Masks required again at LCHS
Staff Writer | May 21, 2021 1:08 AM
Lake City High School, starting today, is requiring all students, staff and visitors to wear masks again due to a rise in coronavirus cases.
“The COVID-19 outbreak among Lake City students has worsened over the past week, and our recent mitigation strategies have not been effective to slow the spread of the virus in school,” wrote PCHS Principal Deanne Clifford in a letter sent out to students and families Thursday.
The school’s senior graduation ceremony could be in jeopardy.
She wrote school officials are aware that 23 students have tested positive since April 26, they believe 20 of those positive cases are related to in-school transmission.
Two Lake City staff members also recently contracted the virus, and it’s believed that three bus drivers out sick with COVID were exposed while driving Lake City students.
As a result, “all students, staff and visitors must wear masks while at school, with no exceptions,” Clifford wrote. “Even those who have been fully vaccinated will need to wear their mask at school.”
The requirement will extend through the end of the school year on June 11.
“The high number of quarantines we have seen in recent weeks is an outcome of exposures that occur when one or both parties are unmasked,” Clifford wrote.
Kootenai County’s coronavirus cases and positivity rate also continue to rise.
The Panhandle Health District reported Thursday 57 new cases and one death that was attributed to the virus. Thirty-eight of those new cases were in Kootenai County, which now has a total of 18,355 cases.
Kootenai County’s positivity rate for COVID rose for the seventh straight week, to 8.2% based on 1,910 PCR tests for the week ending May 15. It reached a low of 2.9% on April 27 but has climbed steadily since.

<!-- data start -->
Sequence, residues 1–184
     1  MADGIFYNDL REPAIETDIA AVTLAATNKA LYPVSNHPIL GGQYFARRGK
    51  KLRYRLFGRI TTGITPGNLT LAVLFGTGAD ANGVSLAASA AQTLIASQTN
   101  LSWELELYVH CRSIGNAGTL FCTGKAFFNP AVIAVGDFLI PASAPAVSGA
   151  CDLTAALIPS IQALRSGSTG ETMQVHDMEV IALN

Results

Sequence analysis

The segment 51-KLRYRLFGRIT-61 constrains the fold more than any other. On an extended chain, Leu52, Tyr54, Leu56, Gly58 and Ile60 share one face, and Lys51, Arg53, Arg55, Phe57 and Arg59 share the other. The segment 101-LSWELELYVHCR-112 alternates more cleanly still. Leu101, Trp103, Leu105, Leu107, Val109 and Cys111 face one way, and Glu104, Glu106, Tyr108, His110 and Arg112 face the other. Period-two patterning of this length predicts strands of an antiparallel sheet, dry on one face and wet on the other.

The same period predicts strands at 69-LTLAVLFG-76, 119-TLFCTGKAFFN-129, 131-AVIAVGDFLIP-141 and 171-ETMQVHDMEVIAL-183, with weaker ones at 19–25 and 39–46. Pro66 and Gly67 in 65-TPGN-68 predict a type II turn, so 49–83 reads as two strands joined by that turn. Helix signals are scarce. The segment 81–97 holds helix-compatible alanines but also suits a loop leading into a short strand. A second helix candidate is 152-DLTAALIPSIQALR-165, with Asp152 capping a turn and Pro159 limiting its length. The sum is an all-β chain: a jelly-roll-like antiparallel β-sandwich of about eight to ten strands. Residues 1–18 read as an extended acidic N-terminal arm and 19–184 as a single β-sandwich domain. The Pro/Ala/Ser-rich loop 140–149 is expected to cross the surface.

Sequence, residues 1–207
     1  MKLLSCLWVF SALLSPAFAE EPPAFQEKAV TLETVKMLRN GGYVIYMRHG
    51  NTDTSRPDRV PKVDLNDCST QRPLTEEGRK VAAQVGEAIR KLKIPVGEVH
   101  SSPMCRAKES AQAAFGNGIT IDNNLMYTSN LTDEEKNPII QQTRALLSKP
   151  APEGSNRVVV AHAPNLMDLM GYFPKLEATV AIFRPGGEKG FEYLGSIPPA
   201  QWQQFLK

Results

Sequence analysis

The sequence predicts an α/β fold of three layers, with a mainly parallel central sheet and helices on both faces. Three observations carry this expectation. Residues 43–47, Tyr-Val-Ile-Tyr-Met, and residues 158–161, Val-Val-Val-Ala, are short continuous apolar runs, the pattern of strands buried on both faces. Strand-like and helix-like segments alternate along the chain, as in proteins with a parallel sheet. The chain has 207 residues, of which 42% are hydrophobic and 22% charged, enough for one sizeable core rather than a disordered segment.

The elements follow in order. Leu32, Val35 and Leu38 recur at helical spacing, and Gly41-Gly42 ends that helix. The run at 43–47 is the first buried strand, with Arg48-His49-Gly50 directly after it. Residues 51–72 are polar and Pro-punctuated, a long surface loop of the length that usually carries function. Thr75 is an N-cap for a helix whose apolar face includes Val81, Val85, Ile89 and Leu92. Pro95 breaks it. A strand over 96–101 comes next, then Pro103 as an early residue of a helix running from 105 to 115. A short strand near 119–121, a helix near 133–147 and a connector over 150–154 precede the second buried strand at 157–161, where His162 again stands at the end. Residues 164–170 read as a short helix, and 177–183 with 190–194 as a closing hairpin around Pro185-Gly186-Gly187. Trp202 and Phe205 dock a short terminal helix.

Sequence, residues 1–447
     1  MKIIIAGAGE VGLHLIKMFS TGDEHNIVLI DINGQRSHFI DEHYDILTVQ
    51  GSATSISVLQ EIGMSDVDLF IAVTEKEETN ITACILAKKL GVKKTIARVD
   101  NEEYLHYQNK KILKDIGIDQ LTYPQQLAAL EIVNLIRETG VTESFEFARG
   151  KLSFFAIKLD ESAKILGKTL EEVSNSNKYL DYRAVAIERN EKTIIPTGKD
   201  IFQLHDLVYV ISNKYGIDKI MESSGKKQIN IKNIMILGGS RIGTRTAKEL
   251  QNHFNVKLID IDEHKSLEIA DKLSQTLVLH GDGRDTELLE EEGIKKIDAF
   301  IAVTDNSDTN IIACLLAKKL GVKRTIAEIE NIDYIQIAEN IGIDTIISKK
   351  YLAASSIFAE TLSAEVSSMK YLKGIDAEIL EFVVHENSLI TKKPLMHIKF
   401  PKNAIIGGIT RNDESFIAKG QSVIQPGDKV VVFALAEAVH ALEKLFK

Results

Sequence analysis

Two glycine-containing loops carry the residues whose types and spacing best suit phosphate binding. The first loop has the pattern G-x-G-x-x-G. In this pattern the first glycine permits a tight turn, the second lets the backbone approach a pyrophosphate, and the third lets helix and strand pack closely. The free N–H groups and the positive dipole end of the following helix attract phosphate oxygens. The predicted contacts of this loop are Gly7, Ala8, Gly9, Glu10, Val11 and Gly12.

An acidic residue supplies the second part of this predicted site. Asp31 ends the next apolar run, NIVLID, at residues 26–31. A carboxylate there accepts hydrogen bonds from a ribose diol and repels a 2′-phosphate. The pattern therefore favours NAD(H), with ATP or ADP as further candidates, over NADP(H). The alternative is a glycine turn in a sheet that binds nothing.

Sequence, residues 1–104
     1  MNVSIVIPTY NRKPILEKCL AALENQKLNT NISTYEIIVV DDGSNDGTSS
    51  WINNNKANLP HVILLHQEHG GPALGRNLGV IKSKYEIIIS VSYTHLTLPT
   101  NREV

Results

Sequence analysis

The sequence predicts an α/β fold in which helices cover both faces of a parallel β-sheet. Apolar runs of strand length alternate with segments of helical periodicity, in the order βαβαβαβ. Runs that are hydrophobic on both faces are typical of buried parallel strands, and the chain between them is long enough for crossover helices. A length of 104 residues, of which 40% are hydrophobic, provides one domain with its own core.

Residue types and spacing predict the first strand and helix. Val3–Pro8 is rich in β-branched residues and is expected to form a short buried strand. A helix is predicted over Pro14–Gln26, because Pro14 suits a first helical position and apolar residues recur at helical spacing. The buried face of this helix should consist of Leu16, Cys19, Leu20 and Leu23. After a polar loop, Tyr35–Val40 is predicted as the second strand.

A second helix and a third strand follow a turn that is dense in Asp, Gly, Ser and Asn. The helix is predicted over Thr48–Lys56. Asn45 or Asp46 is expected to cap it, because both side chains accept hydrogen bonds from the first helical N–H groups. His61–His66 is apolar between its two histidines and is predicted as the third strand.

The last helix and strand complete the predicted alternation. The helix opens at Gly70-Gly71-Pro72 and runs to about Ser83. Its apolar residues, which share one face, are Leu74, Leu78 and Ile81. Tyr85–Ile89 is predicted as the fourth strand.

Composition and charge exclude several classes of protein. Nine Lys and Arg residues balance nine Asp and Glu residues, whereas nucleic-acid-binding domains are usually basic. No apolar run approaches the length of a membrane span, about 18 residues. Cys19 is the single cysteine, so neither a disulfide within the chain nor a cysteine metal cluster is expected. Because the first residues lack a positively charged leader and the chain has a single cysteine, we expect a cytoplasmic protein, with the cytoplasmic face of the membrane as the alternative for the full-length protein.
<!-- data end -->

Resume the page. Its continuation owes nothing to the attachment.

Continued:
In contrast, the state’s positivity rate remained at 4.3% for the third straight week.
The number of COVID-19 inpatients at Kootenai Health doubled in less than a week, reaching 32 on Tuesday. On Thursday, KH had 27 COVID-19 inpatients, with six requiring critical care.
Dr. Robert Scoggins, KH chief of staff, wrote that they suspected the increase was due to new transmissible variants entering the population and a low rate of vaccination in the community.
PHD said Kootenai and Shoshone counties remain in the orange — “moderate” — risk level category, while Benewah, Bonner and Boundary are in the yellow, “minimal risk,” category.
Kootenai County’s vaccination of those 12 and older is 37%, with 53,013 having received at least one dose.
Ada County, Idaho's largest by population, has a vaccination rate of 53% of those 12 and older at 219,621.
Katherine Hoyer, PHD spokeswoman, said they are seeing a steady rise in cases. A few weeks ago they were averaging 20-30 cases per day, but now PHD is seeing an average of around 50 cases per day.
"This isn’t the direction we want to head," Hoyer wrote.
People have plenty of options to get vaccinated.
PHD offers vaccine clinics in Kootenai County on Tuesdays, Thursdays, and Saturdays (excluding this Saturday due to Memorial Day). It has vaccine clinics in Bonner County on Wednesdays. Mobile vaccine clinics are posted on the PHD website for scheduling appointments. PHD also offers vaccine appointments at all of its office locations in the five northern counties.
“If you are unable to attend one of our clinics, there are over 30 other providers that you can receive the vaccine from,” Hoyer wrote. “Safeway and Albertsons pharmacies are offering walk-in appointments. The vaccine is free and readily available to the community.”
The Coeur d'Alene School Board trustees voted 3-2 on April 19 during a special workshop to rescind the district’s mask requirement and instead opted to "strongly recommend" masks and face coverings for students.
Clifford wrote that part of the problem at LCHS is that “at least two students who, after testing positive, chose not to notify the school or the health district, and attended classes without masks, in disregard for the health and safety of others."
She also wrote that many students ignore the school's current requirement to wear a mask at school unless they have been vaccinated and it has been at least two weeks since their second dose.
Clifford wrote that the situation “has reached a critical juncture.”
Further mitigation options under consideration include a return to blended learning, with students attending in person two days a week; going to fully remote/online learning; and/or canceling all remaining events and activities, potentially including our graduation ceremony scheduled for June 12, she wrote.
“It’s important that you understand this is our last-ditch effort to avoid more forceful and far-reaching actions over the next three weeks,” Clifford wrote.